by carl wilson

T-Dot Thrillz: Cobra Cabana

Zoilus comrade-and-associate Misha Glouberman (best known as host of Trampoline Hall) is getting ready to do another of his sets of "classes," which are always fantastic intellectual exercise and delightful social blowouts all at the same time. In the past, I've studied group vocal-noise improv, "How to Get Really Good at Playing Charades," and the nature of happiness in Misha's series, which he teaches without ever seeming to be teaching.

The very best class I've ever done with Misha, though, was his one-night "Open Cobra" project, where somehow a huge room of mostly non-musicians learned to play John Zorn's 1980s "game piece" Cobra to a pretty decent level of competence, in a few hours. The whole thing unfolded like a little miracle. (Read an account of the night by Eye's Dave Morris.) The YouTube clip above shows Zorn and other NYC downtown '80s luminaries playing Cobra, from Derek Bailey's BBC series on improvisation.

Now, Misha is planning to do a longer (maybe six-part) version of that process. And though I can't take part (goddamn book deadlines), if you're in Toronto, I highly recommend you do. It's for performers and non-performers alike.

As Misha says, "I'm really interested in noise improv as a participatory activity that people can do for fun. You don't have to have done anything like this before, you just have to want to. The class will be entirely vocal - no instruments, just voice-noises. We'll spend some of the time working on general vocal-noise-improv, some working specifically on Cobra. I'm still finalizing the details of time (hope to start in the next few weeks), schedule (probably 6 or so consecutive Wednesdays or Tuesdays or something like that), price (some variation of PWYC), and place. If you might be interested in knowing more about the series, drop me a line. How/whether/when I can do this will depend on what I hear back from people, so if you might be interested, don't just wait to hear more news, email me and let me know."

So don't hesitate.

For another taste of Cobra's sting, you can check out Misha's "Open Cobra" collaborator Joe Sorbara's new monthly Cobra event with musician-participants from AIM Toronto, as part of the Now Lounge Sunday improv series, this Sunday, April 1 at 2 pm, pwyc.

Toronto turns out to be Grand Cobra Central. The Cobra Cabana. Who'd'a thunk?

| Posted by zoilus on Wednesday, March 28 at 12:18 PM | Linking Posts | Comments (4)

 

COMMENTS

hey - the bailey thing looks fantastic but, uh, a minor point of pedantry: channel 4 isn't the same thing as the bbc. (back then it was an independant channel with a rep for being 'artier' or 'poncier', now it's one that mostly does big brother spinoffs. sigh.)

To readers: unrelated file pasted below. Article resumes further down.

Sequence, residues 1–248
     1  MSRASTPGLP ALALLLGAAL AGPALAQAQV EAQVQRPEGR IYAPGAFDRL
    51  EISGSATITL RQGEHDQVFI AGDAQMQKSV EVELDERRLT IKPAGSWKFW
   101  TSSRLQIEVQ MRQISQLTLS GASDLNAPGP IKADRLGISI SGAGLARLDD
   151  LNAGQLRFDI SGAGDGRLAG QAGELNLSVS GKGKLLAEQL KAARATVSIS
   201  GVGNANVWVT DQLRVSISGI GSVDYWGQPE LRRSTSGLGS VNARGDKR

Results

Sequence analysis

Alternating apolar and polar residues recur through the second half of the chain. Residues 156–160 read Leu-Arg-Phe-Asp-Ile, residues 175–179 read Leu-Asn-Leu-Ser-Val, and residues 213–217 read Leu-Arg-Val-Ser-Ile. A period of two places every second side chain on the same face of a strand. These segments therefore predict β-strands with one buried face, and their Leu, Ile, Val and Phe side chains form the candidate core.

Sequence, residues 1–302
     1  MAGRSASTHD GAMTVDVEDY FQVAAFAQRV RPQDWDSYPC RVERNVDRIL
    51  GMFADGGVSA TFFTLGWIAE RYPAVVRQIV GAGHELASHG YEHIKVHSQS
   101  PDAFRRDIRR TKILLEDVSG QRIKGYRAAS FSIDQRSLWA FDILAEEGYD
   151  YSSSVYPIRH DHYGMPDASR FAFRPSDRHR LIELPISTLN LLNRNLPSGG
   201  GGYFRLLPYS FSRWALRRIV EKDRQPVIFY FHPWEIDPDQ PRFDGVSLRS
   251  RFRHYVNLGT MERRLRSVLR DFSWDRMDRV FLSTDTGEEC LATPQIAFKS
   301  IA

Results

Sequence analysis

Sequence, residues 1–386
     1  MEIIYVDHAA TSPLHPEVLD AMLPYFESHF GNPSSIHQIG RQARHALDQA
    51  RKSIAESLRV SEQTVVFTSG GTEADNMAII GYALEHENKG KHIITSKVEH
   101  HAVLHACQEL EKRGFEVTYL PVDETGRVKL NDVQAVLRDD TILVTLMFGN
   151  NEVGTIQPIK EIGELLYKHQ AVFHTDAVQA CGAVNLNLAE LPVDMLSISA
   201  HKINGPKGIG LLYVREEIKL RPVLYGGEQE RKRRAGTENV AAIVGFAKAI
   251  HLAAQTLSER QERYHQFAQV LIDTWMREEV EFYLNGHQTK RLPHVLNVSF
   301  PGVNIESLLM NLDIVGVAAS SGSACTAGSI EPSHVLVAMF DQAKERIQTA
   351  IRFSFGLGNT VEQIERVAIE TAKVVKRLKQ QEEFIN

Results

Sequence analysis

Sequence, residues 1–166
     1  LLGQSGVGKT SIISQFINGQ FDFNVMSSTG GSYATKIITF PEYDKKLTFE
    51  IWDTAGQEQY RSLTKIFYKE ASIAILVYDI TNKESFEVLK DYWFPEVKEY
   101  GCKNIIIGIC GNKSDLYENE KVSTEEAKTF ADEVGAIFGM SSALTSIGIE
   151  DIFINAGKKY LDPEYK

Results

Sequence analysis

the bit of max roach lecturing a class of little kids is great.

Posted by thos on April 1, 2007 6:26 AM

 

 

That's why I like improvisation! It's more like "a pickup soccer game or a round of Scrabble with your siblings" and less like something from the canon (although it spawns doctoral theses and boxed sets like everything else). Games are serious matter, by the way; just look at little kids.

Posted by Michelangelo on March 31, 2007 3:23 PM

 

 

Part of what I like about the "game piece" is that it does raise that question. By merging the playing of a game and the performance of a score, it throws into question the status of Art as something superior to a sociable activity, as something higher and of greater purpose than a pickup soccer game or a round of Scrabble with your siblings. Or, looked at the other way around, it suggests that the high-spirited interaction of the players is a higher purpose in itself, and that worrying about the point of art or the point of life is, well, beside the point.

I'm not at all saying that's its whole content, just that it's one of the themes I get from it.

Posted by zoilus on March 29, 2007 1:34 PM

 

 

I'd'a thunk. Right now, Toronto has one of the most active scenes of creative improvised music-making in the world and, while Cobra won't appeal to everyone that falls under that umbrella, its operations are appropriate for a bunch of improvisers who have developed specific instrumental vocubularies -- the kind of player Zorn had exactly in mind when he composed the game. Furthermore, Cobra seems to have had its heyday in New York (and is perhaps no longer voguish there) but, here, the process of learning the rules -- and Joe and Misha are to be lauded here -- is both novel and stimulating for many (mostly younger) players. Learning the game has certainly focussed certain aspects of my playing.

I'd like to elaborate a bit on the answers to the "what's the point?" question in the Eye review, and to make a distinction between what Misha's priorities seem to be and an alternate point of view. It's possible to approach Cobra simply as a participatory, fun game, and it's also possible to approach it rigorously as a composition and to make really kick-ass music through its rules. The first, in my experience, is very easy to achieve (and I'm all for fun), but the second is exceptionally difficult and takes as much rehearsal and preparation as any sophisticated composition or more. The game piece is ingenious, as I hear it, because it can work satisfyingly on either or both registers given a degree of sympathy within a given ensemble. These dual registers are nicely encapsulated in the name "game piece."

Posted by Scott Thomson on March 29, 2007 11:50 AM

 

 

 

Zoilus by Carl Wilson